What Are Archives?
The word "archive" or "archives" can used in many ways. The two we primarily consider here are:
- A building where historical records are kept, whether a library, historical society, or government repository
- A collection of historical records that are preserved for their value as historical evidence
An archive generally contains collections of original, historical documents, photographs, media, and other materials from individual people or organizations. Items within archival collections can include:
|letters and correspondence||architectural drawings||photographs, slides, and negatives|
|financial and business records||maps||audiovisual media|
|published books and periodicals||posters||objects, artifacts, and textiles|
|original research data||artwork||digital files|
Archival material can also be referred to as:
- Records - referring to documentation created in the course of regular work or functioning of an organization
- Personal papers - referring to material created by an individual in the course of their life and work, including correspondence, diaries, and original writing
- Manuscripts - often referring to hand-written material or writing drafts that were never published
- Special collections - Though often referring to collections of rare books, some institutions hold archival material within a broader category of "Special Collections"
Each archival institution holds a number of separate archival collections. Each archival collection is usually:
- Acquired from a single original creator - like the personal papers of an artist or politician, or the records of an organization or student group.
- Stored together with other material from the same person or organization from which it was acquired.
- Comprised of a variety of different types of material - including paper records, photographs, media, maps, or other documents.
Unlike many library resources, archival material is not usually arranged according to subject or material type.
Provenance, a fundamental principle of archival practice, is intended to maintain the original historical context in which material was created. This is accomplished by keeping material together according to the original source of the collection.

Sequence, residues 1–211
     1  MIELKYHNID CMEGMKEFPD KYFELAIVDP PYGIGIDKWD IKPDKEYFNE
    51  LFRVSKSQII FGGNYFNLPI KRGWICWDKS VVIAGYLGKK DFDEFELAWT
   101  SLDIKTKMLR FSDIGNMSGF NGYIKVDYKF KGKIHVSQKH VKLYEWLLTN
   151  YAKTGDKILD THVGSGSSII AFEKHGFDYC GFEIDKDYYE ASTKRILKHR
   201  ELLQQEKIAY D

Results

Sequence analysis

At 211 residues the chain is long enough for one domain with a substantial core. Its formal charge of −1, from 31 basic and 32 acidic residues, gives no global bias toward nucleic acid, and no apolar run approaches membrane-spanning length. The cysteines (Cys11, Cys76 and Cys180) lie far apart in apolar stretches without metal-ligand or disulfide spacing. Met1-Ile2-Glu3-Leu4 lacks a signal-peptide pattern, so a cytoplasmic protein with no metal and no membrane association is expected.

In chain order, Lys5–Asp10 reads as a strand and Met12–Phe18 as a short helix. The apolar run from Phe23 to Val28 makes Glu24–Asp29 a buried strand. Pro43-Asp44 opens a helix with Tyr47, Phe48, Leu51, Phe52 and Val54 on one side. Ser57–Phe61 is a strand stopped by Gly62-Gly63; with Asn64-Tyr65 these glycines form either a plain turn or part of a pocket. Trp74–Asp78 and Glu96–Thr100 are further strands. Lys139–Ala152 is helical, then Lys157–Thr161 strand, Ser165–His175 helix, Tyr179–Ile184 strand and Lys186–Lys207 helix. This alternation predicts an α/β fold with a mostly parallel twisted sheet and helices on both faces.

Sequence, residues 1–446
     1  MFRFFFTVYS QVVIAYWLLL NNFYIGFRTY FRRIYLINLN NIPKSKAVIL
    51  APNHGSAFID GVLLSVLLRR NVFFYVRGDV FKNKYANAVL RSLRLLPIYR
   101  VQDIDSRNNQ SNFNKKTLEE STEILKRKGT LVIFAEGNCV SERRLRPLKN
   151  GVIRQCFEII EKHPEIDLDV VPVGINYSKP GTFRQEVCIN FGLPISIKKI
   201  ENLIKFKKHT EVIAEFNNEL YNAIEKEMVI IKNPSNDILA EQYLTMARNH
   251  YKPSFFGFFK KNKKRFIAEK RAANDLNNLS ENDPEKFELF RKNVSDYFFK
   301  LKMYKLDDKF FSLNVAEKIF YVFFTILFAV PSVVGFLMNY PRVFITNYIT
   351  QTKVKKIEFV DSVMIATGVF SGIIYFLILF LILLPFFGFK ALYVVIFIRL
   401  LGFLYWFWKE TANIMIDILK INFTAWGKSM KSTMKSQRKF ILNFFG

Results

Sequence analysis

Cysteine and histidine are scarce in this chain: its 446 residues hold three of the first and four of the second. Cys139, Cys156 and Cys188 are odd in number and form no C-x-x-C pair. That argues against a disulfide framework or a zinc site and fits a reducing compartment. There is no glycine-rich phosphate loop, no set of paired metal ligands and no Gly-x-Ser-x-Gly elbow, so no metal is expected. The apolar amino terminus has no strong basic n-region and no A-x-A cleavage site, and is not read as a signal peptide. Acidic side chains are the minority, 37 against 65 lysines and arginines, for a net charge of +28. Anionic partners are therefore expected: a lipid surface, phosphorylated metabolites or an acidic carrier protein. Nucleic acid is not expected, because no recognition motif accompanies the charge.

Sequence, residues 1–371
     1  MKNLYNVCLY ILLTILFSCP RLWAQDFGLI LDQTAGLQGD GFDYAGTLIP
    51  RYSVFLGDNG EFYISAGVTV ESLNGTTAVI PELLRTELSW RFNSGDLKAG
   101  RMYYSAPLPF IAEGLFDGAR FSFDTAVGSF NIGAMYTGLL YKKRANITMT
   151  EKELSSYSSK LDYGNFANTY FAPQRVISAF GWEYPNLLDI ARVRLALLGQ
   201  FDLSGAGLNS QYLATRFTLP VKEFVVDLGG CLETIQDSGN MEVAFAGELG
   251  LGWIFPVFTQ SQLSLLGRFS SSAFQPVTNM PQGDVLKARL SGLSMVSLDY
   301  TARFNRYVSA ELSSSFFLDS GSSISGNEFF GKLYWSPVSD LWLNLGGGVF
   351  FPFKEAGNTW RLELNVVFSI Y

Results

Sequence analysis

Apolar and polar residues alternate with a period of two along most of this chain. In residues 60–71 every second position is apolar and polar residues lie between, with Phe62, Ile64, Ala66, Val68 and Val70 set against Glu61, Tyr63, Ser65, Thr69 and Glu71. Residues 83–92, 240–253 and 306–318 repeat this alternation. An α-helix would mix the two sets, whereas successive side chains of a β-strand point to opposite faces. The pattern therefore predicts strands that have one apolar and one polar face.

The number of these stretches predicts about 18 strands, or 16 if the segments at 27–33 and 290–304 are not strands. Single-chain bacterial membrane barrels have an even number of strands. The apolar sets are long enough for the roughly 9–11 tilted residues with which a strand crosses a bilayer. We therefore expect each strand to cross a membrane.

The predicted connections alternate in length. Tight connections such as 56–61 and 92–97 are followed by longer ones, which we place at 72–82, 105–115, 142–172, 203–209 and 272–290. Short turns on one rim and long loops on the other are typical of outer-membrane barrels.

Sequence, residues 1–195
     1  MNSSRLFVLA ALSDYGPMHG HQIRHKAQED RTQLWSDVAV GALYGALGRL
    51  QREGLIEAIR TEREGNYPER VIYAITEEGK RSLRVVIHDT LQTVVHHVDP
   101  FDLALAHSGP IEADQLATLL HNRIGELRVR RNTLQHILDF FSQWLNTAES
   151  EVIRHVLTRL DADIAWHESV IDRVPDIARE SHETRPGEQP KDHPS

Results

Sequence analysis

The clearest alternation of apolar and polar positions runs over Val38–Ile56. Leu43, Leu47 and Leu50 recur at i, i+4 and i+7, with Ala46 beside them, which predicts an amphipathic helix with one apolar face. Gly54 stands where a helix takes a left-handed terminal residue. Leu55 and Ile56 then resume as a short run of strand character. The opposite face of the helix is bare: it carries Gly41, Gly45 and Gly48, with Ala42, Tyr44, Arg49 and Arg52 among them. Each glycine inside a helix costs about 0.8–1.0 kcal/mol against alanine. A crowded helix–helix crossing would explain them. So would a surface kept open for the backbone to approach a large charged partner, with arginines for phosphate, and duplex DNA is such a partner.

Both libraries and archives preserve materials and make them available for research use. However, there are some important differences between them:
- Libraries hold copies of published books and periodicals. Most archival materials are rare, unique, or original. They often come directly from the original creators, created in the process of their work or personal lives. Because most archival materials were not created to be published or widely circulated, there may be no other copies anywhere else in the world.
- Usually in a library, you are able to browse the shelves and check out material to take home with you. Archival materials - due to their age and rarity - are often kept in closed, climate-controlled storage and do not circulate. Archival collections are made accessible only in supervised "Reading Rooms," to ensure long-term preservation.
See the "Use the Archives" tab above to learn more about what to expect when using the Reading Room.
Because archives contain primary source evidence of historical events, people, periods, and areas, there are many different ways they are used by archives patrons:
- Academic researchers and students use primary source evidence to support their arguments in books, articles, and papers. In addition to history students, archival material is useful to researchers in media studies, literature, social sciences, and many other fields.
- Families often consult archives for genealogical research, to learn more about their ancestors and family history.
- University alumni and community members visit archives to revisit memories from their own lives.
- Artists and creative writers draw on archival material to develop projects and incorporate historic images, media, and writing into new creative works.
- Businesses draw on archival material for new marketing and messaging.
- Advocates and lawyers use archival material as evidence in legal arguments, to ensure accountability of elected officials, and to advocate for social and political causes.
- Local planners and architects consult archival maps, blueprints, and other documentation when determining property ownership and planning new constructions